Thursday, September 14, 2006

Civil War Ladies' Hairstyles and Hair Accessories

When I first became a Civil War reenactor, I had a lot of misconceptions about how women wore their hair back then. Most of this misinformation, I have to admit, came from Hollywood's inaccurate portrayals of women of the period.
Just don't get me started on blue eyeshadow!
One of the biggest mistakes I myself made as a newbie reenactor, was to buy a snood for my hair. I found out later that snoods didn't exist at the time of the Civil War even though these items are sold by Civil War period sutlers. The snood came into fashion around the 1940s.
What was worn during the Civil War was a hairnet. And not all women wore these. There were two types--one was made of very fine netting that matched a woman's haircolor. The other type was a decorative net composed of strips of ribbon, velvet or other braided material with beading woven in. This second type of hairnet was worn, as a bonnet was, to conceal the hair. http://www.shasta.com/suesgoodco/newcivilians/womenswear/hairstyles.htm
For an everyday look, women of the period wore their hair neatly confined. Not one strand was to be out of place. During the 1860s, people didn't wash their hair as often as we do today. Women also used sweet scented oils or pomades to slick their hair down. Then they wound it into a bun and pinned the hair in place.
A round, wide face was the ideal during this time period. Women tried to achieve this look by parting their hair down the center, slicking it flat on top, pulling it to the back and securing it with pins into a bun at the back of the head. Older women wore their buns higher on the back of the head, while young women wore theirs low on the nape of the neck. Women of this period never wore bangs.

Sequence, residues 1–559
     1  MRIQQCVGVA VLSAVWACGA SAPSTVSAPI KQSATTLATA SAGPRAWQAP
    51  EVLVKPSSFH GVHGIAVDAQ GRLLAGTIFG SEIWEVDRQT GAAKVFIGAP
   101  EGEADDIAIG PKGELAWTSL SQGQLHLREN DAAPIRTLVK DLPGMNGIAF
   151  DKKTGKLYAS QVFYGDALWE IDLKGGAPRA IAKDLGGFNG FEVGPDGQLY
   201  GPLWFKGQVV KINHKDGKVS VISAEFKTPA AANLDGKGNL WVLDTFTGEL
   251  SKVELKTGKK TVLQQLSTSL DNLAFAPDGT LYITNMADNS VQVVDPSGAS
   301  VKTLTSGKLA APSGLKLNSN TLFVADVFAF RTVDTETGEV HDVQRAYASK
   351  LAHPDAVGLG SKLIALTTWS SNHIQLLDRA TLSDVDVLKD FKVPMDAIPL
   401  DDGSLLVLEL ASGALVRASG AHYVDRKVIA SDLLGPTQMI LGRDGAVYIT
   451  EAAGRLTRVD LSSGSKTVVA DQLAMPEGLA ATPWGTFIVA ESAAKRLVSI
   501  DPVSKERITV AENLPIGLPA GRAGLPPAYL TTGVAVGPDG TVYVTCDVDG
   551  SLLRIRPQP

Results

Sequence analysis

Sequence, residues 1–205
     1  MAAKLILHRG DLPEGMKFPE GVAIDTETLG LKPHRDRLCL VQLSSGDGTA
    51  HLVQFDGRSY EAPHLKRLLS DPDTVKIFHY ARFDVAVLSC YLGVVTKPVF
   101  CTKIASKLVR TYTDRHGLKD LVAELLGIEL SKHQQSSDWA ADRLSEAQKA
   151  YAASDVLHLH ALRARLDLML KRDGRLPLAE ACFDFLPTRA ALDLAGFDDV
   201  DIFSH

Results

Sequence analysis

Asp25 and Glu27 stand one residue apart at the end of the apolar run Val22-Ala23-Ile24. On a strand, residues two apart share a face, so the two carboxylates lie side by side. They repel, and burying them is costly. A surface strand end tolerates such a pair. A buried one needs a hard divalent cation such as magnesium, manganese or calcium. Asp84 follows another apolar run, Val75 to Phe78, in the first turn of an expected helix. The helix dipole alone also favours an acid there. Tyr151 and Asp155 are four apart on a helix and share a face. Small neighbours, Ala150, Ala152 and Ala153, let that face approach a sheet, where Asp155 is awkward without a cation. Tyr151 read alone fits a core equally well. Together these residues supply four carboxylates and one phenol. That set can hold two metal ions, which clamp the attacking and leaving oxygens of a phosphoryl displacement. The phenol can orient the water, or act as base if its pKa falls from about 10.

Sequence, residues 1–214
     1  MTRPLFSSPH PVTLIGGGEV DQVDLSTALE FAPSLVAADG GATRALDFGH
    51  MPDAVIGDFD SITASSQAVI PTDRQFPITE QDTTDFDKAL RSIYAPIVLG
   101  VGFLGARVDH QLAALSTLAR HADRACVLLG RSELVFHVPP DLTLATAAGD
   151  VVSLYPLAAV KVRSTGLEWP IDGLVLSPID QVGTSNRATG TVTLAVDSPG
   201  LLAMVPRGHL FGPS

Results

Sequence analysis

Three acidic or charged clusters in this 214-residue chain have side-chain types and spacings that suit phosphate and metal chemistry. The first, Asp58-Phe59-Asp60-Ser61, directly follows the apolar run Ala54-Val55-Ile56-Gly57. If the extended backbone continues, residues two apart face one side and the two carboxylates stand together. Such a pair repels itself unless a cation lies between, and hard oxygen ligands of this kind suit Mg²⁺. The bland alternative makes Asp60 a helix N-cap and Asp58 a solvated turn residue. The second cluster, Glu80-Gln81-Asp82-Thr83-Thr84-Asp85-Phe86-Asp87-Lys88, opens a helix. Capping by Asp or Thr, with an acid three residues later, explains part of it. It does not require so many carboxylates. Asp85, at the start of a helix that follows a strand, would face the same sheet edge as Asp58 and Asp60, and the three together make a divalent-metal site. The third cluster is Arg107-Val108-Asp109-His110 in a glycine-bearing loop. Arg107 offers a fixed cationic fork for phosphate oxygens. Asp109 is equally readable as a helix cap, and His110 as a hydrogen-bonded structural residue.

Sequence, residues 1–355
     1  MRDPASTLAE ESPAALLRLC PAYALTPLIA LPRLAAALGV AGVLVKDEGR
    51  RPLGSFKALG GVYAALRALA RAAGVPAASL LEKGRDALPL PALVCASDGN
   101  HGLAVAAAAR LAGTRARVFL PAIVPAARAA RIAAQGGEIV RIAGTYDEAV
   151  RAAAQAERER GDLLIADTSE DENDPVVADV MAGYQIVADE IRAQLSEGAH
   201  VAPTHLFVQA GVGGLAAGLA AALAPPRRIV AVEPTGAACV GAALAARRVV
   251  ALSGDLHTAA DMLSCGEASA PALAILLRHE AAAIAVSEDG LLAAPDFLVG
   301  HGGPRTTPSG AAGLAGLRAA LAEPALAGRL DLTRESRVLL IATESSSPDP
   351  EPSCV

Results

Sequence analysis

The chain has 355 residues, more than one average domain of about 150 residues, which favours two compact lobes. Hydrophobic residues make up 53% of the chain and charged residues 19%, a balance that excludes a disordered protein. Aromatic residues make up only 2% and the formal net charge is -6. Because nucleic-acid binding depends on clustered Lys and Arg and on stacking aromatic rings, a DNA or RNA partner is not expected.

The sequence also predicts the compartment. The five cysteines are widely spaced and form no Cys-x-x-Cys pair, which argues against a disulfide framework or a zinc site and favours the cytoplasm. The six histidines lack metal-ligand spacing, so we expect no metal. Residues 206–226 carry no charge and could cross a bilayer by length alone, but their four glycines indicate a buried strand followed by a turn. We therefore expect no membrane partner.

At balls and formal affairs, other styles commonly worn were elaborate braids arranged around the head, sausage curls or ringlets. The key was to keep the ends of the hair out of sight. Meaning a woman in period attire with her long hair hanging down her back would be very inappropriate. This look was for the bedroom only. Little girls wore their hair in braids.
Women also rolled their hair on the sides to create more width. Another trick to achieve width was to collect hair from brushes, roll it into a potato-shape and pin it to the sides of the head. http://www.shasta.com/suesgoodco/newcivilians/womenswear/rats.htm
For more information on women's hairstyles: http://www.vintagevictorian.com/costume_1860.html http://en.wikipedia.org/wiki/1860s_in_fashion#Hairstyles_and_headgear

6 comments:

Alena said...

I recently came across your blog and have been reading along. I thought I would leave my first comment. I don't know what to say except that I have enjoyed reading. Nice blog. I will keep visiting this blog very often.

Alena

http://ovarianpain.net

Nina said...

Your blog is very informative, keep up the good work!

Danielle said...

I have also been a Civil War reenactor since childhood,and though I agree with many things you stated about how hair was worn, I humbly beg to differ about the ever so infamous "snood". If you would like to learn more, a friend of mine has a very extensive CDV collection, and has a wonderful website displaying some. Perhaps you would be interested? You may have ordered from her in the past. :)

http://www.blockaderunner.com/nlc/questions.html

Grandma Retch said...

I have to disagree with your statement about snoods. I teach women's history, and my studies have included fashions over the centuries. Snoods have been used by women since before the Renaissance period, and certainly were used in the Civil War era. You can call them hairnets if you wish, but the patterns and uses were the same. Yes, they became quite popular during the 1940s, but they've been around for a very, very long time.

Anonymous said...

It is good but Wikipedia is a no no. It is not a reliable source as anyone can go and edit it and put whatever they want. As a historian I do not recognize wiki in any form. Good blog!

Anonymous said...

I agree! Many women of the Renaussance wore them and can recognizable by many royals n upper to middle classes